They were able to live in an apartment their son owns, free of rent, but without a car or money, they sometimes went for an entire day with just a cup of coffee.
“We hated to ask, you know? We didn’t know where to go, because we didn’t … ever have a problem like this before,” Mina said.
Currently, they live on Social Security checks, food stamps, grocery delivery from the JFCS senior center and additional help from their son.
Dorothy Abruzzo’s apartment is impeccably clean and adorned with carefully curated vintage furniture that she has collected over the past few decades, with empty walls completely free of any photos except for one: her parent’s wedding portrait from the early 1900s.
Twenty-four years ago, after her husband died, Dorothy followed her daughter to Naples from Philadelphia. She paid cash for a condo in a luxurious area — Pelican Bay — then had to keep lending money to her daughter who was going through some financial and marital trouble. Dorothy worked a daytime job at a luxury dress shop until she had to go through an emergency carotid artery surgery that left her sick and unable to drive for a while. She was able to recover, but a recent mismanagement of funds by a relative left Dorothy with pretty much nothing, forcing her to rent and live on food stamps.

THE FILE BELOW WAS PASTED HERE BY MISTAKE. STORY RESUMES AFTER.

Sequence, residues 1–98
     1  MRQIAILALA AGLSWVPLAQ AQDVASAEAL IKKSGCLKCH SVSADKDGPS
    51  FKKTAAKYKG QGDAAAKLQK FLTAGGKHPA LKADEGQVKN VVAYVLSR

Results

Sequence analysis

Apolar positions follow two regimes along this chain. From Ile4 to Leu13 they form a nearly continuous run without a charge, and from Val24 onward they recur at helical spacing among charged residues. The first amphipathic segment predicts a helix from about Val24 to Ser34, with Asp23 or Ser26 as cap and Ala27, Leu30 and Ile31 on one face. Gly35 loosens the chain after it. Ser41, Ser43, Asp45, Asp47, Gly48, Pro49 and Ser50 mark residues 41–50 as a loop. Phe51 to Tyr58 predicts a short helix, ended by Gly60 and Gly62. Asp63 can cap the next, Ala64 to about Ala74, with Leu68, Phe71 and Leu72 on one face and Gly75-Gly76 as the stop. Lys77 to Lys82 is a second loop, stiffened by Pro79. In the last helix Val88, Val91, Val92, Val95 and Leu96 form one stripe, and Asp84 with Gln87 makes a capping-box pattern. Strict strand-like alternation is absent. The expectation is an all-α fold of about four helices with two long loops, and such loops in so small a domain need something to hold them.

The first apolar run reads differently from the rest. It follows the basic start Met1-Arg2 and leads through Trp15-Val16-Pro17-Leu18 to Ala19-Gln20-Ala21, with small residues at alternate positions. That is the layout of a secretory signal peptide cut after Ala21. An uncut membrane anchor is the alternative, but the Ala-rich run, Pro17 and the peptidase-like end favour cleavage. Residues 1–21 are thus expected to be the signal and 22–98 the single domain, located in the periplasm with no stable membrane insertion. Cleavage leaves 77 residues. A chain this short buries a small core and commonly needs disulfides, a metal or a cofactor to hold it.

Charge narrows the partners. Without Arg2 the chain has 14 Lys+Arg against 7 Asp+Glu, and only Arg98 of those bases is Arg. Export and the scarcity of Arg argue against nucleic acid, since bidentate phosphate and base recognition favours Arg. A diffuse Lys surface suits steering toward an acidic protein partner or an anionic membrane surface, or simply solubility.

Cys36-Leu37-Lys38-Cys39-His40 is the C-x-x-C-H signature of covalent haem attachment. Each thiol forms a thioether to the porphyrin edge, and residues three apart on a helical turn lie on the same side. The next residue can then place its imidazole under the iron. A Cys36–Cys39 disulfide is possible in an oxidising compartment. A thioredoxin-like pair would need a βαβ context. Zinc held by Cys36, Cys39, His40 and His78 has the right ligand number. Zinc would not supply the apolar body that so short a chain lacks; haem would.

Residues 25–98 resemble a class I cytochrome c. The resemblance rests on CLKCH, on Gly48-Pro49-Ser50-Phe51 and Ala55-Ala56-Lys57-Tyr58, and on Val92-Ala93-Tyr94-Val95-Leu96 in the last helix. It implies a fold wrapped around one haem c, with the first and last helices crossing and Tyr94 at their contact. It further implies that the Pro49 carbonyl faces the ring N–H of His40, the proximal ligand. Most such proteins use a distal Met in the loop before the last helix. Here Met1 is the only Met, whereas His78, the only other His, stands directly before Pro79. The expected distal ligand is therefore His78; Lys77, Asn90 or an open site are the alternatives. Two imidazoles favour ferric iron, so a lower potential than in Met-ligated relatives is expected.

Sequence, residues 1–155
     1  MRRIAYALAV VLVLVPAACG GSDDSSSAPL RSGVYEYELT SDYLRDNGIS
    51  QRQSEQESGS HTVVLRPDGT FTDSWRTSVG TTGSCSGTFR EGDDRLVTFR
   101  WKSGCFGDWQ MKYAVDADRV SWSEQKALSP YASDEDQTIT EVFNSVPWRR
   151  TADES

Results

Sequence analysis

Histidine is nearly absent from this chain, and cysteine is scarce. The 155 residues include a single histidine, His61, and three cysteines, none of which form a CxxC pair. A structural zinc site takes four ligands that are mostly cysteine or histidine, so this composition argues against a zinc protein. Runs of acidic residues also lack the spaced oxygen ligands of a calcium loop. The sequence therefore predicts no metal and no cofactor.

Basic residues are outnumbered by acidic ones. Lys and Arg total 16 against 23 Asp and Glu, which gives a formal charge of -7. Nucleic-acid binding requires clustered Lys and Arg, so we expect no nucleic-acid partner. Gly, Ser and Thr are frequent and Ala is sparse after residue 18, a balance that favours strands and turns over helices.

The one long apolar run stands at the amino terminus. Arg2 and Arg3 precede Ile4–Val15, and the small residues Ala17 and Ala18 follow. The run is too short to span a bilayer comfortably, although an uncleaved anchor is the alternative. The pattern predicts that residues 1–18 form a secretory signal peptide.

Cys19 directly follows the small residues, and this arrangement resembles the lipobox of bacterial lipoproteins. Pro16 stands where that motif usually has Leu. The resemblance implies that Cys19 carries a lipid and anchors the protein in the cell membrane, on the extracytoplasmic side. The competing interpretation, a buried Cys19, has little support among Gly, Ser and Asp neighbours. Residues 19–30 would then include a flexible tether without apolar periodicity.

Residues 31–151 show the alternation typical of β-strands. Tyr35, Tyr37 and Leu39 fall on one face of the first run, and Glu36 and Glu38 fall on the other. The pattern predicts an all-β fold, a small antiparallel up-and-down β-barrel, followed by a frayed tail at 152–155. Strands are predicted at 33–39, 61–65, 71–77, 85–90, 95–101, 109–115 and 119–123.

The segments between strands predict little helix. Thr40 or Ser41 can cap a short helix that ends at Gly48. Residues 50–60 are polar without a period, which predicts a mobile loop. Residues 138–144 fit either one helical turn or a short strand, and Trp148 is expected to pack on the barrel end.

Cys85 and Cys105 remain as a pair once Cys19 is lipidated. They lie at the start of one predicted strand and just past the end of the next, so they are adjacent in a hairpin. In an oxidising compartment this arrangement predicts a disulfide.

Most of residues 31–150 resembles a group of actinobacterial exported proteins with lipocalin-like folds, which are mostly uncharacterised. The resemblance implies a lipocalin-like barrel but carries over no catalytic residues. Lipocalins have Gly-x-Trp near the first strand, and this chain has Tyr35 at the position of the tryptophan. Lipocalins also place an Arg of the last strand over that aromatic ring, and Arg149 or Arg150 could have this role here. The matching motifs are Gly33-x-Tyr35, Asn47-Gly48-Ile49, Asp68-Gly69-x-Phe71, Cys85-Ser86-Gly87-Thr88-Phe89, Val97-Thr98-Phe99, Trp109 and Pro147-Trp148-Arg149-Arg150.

“I mean, I never in my life thought I would have needed charity. … 83 and I’m renting and on food stamps,” Dorothy said. “I’ve put myself on a budget [for food] — $159 for the whole month.”
At 94 years old, Beatrice — a pseudonym, because she wished to stay anonymous — still drives a beat-up, red Pontiac everywhere, even with her lungs semi-permanently in need of oxygen support.
She’s always been independent — and still wants to be — but when it comes to food nowadays, that became almost impossible, especially after moving out of her son’s condo after he suffered a stroke.
“You know that [SNAP benefits and supplemental food programs] makes me feel very insecure to even talk about it, because, I [wasn’t] that type at one time. And to get this at 94, and to have these people help, it’s unbelievable.” she said.
On top of her medical bills, Beatrice has to pay the monthly rent of $885 for her efficiency apartment, and she’s worried that the rent will go up in the fall. She receives $70 in food stamps each month and additional help from the JFCS senior center, including grocery gift cards and the food pantry.
“I do everything alone. I go shopping alone, still drive a car. I’m very independent. That’s the thing that bothers me. At one time, I was in control. But the recession has done terrible things,” Beatrice said.
Over the next decade, the number of baby boomers struggling with food insecurity is expected to rise by 50 percent.
Government food programs won’t be enough to serve this population. That is where programs like those offered by Jewish Family and Community Services’ senior center fill in the gaps. But many of these groups nationwide face long waiting lists and worry, too, about the coming need.
“Seniors are living longer, and they’re outliving their incomes,” said JFCS’s Faffer. “And, unlike younger people, who we can help find a job, find more affordable housing, with our seniors, that just can’t happen.”
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Asking for help at 80 — America’s new faces of hunger